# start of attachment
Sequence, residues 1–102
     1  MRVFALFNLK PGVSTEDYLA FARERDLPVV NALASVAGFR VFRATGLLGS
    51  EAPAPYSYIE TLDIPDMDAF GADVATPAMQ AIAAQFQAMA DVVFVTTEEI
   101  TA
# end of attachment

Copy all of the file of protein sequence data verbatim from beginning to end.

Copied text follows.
Sequence, residues 1–102
     1  MRVFALFNLK PGVSTEDYLA FARERDLPVV NALASVAGFR VFRATGLLGS
    51  EAPAPYSYIE TLDIPDMDAF GADVATPAMQ AIAAQFQAMA DVVFVTTEEI
   101  TA